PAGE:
From humble beginnings on the Sunshine Coast, Australian punk-rock trio The Chats, garnered a staggering level of international attention since the popular hit, Smoko, went viral in 2017. The band’s relatable humour, entertaining visuals, and an iconic catchy chorus saw the video soar to almost 10 million views (at the time of this review). Having gone from rehearsing in a shed, to performing at some of the biggest festivals in the world in just a couple of years, the success of the young band is an astounding story already. Unleashing two EPs in the past four years, the band’s raw and lofi “shed rock” sound paired with the humorous larrikin-like lyrics, came to identify the trio as much as the iconic ‘ranga’ mullet. Upon the announcement of the band’s debut LP, High Risk Behaviour, fans could make a pretty educated guess as to what they might be hearing. Though the band still pull out their consistently hilarious humour, short and punchy songs, and bucket loads of energy, there is something so special combined with these and several other qualities in the album that make it, and the band, an iconic representation of the Australian music scene.

One of the biggest qualities on the album is the distinct influences running throughout. Several of the songs draw influences from classic punk-rock groups like The Dead Kennedys and The Butthole Surfers, which is especially noticeable on tracks like Stinker, Identity Theft, and 4573. The sound throughout the album feels like a tribute to a lot of these iconic bands, with The Chats flipping a lot of the formula and energy evoked in classic albums to bring a modern revival alive in their own mind. The group also act as conduits of Australian larrikin culture to the world, bringing quotable lines that local audiences are likely to hear in a Sunshine Coast pub to worldwide attention. It’s effective, stylish, and genuine. With rock legends like Dave Grohl, Josh Homme, and The Arctic Monkeys all showing their appreciation for the band on multiple occasions, The Chats have garnered a great deal of respect by being genuine to themselves, their fans, and their music. With ‘Ozploitation’ films already having huge influences on the world’s perception and attention to Australia, The Chats are the modern music industry’s equivalent. The music feels very involving, with punchy and simplistic lines becoming the perfect medium for a whole venue to sing along to. Though there isn’t as much variation in style as one could hope for on a full-length, the group isn’t trying to emulate other styles. They know what they are good at and they do it remarkably well. Each song in itself feels like a story or a rousing speech, and the content of the lyrics is very much left of centre, but effortlessly entertaining.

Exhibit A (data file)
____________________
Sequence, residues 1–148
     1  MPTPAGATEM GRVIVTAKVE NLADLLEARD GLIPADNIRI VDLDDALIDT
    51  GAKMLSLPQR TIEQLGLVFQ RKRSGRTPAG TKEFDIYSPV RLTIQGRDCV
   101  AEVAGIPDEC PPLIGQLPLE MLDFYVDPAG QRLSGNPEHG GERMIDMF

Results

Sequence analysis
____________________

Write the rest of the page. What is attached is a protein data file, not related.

The blend of humour and energy that sits above simple, rousing instrumentation is consistent, but varied enough to make fans want to listen to the album multiple times. Listeners will soon find themselves yelling and jeering back lyrics in the same rambunctious and fun energy that makes the album great. The Chats have done it again, and certainly deserve an extra-long ‘smoko’ for their work.

The Chats’ debut LP High Risk Behaviour is out now.


This review is courtesy of Phoenix Radio’s Emerge program, hosted by Calen Le Couteur and Russell Thompson. Follow Emerge and tune in on Monday nights 7-9PM HERE.